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Rafinesque [C. S.]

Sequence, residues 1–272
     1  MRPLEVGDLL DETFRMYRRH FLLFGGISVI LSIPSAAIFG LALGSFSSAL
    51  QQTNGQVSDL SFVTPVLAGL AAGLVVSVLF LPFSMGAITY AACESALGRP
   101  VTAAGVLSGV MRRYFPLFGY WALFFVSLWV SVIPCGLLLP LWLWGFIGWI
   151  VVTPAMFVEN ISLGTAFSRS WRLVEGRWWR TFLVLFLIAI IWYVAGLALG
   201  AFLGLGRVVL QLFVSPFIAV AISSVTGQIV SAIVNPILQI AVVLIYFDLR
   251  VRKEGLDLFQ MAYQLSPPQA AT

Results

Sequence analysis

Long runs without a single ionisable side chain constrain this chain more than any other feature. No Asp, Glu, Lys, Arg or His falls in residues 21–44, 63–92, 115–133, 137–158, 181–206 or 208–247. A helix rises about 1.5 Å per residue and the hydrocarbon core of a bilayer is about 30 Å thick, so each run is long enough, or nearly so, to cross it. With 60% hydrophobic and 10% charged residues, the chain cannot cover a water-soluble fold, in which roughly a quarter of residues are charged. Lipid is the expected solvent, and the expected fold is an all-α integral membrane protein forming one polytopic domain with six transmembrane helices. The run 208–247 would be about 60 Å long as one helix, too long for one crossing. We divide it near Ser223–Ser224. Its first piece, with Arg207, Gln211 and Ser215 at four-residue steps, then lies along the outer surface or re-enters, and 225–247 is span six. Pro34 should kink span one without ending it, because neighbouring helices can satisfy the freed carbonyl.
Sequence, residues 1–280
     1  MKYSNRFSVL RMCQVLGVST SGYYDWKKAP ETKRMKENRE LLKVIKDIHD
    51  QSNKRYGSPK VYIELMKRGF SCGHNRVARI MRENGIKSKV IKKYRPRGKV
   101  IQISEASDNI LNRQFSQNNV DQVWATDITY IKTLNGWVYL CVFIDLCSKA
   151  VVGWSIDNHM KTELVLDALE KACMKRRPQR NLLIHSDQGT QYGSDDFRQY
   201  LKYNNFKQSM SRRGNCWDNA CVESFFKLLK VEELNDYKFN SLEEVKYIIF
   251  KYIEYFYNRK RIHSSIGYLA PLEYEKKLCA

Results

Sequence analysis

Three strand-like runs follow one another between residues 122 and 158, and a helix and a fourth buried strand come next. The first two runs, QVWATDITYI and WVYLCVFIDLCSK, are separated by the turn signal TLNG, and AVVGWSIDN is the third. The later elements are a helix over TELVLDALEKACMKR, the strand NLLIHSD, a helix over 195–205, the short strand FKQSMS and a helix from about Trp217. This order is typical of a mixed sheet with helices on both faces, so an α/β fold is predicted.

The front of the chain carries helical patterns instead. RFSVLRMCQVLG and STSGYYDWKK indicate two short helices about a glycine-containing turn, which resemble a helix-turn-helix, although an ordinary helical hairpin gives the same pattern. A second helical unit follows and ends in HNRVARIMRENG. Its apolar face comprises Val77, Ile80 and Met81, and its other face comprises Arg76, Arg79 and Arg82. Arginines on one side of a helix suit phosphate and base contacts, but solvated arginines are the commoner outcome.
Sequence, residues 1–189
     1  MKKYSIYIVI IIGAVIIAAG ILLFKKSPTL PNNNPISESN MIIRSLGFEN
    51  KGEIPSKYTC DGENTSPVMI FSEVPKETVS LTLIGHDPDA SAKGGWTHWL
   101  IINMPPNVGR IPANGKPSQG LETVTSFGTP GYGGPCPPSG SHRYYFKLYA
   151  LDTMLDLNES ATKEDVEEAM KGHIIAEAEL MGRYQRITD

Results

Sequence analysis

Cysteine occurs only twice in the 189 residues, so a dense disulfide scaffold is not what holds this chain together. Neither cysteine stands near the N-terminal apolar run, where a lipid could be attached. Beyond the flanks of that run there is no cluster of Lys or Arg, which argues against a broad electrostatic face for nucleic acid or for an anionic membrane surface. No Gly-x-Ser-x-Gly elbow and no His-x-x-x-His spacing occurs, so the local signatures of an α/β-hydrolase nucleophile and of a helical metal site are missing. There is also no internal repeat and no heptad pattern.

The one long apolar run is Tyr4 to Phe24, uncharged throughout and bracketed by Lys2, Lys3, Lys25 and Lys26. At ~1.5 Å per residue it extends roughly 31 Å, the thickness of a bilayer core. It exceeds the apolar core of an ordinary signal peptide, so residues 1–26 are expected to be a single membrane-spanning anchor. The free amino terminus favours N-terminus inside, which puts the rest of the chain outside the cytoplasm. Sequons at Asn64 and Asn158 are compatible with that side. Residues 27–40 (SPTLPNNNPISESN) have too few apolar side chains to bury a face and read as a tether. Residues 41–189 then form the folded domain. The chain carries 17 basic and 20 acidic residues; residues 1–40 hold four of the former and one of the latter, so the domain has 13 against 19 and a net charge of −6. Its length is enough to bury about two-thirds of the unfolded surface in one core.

Body elongate to moderately deep, compressed. Snout obtusely conical, overhanging. Adipose eyelid (firm transparent gelatinous tissue) covering eye; 5 infraorbitals (3 in <b><i>Parapolynemus </i></b> ). Mouth ventral, near-horizontal and large; lip on upper jaw absent or poorly-developed; maxilla extending beyond level of posterior margin of eye; supramaxilla absent; teeth villiform in broad bands on jaws, vomer, palatines and ectopterygoids (vomerine teeth absent in some species); canine, molariform or incisiform teeth absent. Posterior margin of preopercle serrated (without serrations in <b><i>Parapolynemus </i></b> and <b><i>Pentanemus </i></b> ); 7 branchiostegal rays, one ray present on epihyal. Two well-separated dorsal fins; first dorsal fin with VIII spines (VII spines in 2 <b><i>Polynemus </i></b> species); second dorsal fin with I spine and 11 to 18 soft rays; anal fin with III spines and 10 to 18 soft rays (II spines in 2 <b><i>Polynemus </i></b> species and 24 to 30 soft rays in <b><i>Pentanemus </i></b> ; the last dorsal- and anal-fin soft rays usually split to their base but counted as a single ray); pectoral fins divided into an upper part with 12 to 19 rays joined by membrane and a lower part with 3 to 11separate rays (pectoral filaments) (14 to 16 separate rays in 1 <b><i>Polynemus </i></b> species); pelvic fin with I spine and 5 soft rays; scaly process (axillary scale) present at base of pelvic fin; caudal fin deeply forked; small scales covering most of dorsal, pectoral, anal and caudal fins; trisegmental pterygiophores absent. Scales weakly ctenoid, extending onto head; lateral line simple, extending from upper end of gill opening to posterior margin of caudal-fin membrane (lateral line bifurcating on caudal-fin base in 5 <b><i>Polydactylus </i></b> species and divided into 3 on caudal-fin base and membrane in 2 <b><i>Eleutheronema </i></b> species). Vertebrae 10 precaudal and 14 caudal (15 caudal in <b><i>Eleutheronema </i></b> and <b><i>Polynemus </i></b> ); supraneural bones 0 to 3. Polynemids are epibenthic fishes found in the tropical and subtropical waters of all oceans. Most species occur in coastal waters and estuaries, although some (e.g. <b><i>Polynemus </i></b> species and <b><i>Polydactylus macrophthalmus </i></b> ) live in entirely freshwater rivers. Polynemids generally occur on sandy and muddy bottoms in depths less than 150 m, although juveniles are found in seagrass beds and tidepools. Most polynemids generally feed on a variety of fishes and crustaceans. A few small species (e.g. <b><i>Filimanus </i></b> species) have numerous gill rakers adapted for plankton feeding. Young stages of most polynemids also feed on plankton, some species later becoming piscivorous with growth. Most polynemids exhibit protandry, their sex changing from male to female with fish growth. Reaches 2 m maximum total length, reported for <b><i>Eleutheronema tetradactylum </i></b> . The genera <b><i>Eleutheronema</i></b>, <b><i>Filimanus</i></b>, <b><i>Galeoides</i></b>, <b><i>Leptomelanosoma</i></b>, <b><i>Parapolynemus</i></b>, Indo-Pacific <b><i>Polydactylus</i></b>, and eastern Pacific <b><i>Polydactylus </i></b> were revised by Motomura et al. (2001 [ref. 25954]), Feltes (1991 [ref. 14760]), Motomura et al. (2001 [ref. 25384]), Motomura & Iwatsuki (2001 [ref. 25242]), Feltes (1993 [ref. 20316]), Motomura (2002 [ref. 26356]), and Motomura et al. (2002 [ref. 26500]), respectively. A revision of the genus <b><i>Polynemus </i></b> is in progress by the author (e.g. Motomura & Sabaj 2002 [ref. 26155], Motomura et al. 2002 [ref. 26494], Motomura 2003 [ref. 26829], Motomura & van Oijen in press [ref. 27209]).</i></b>
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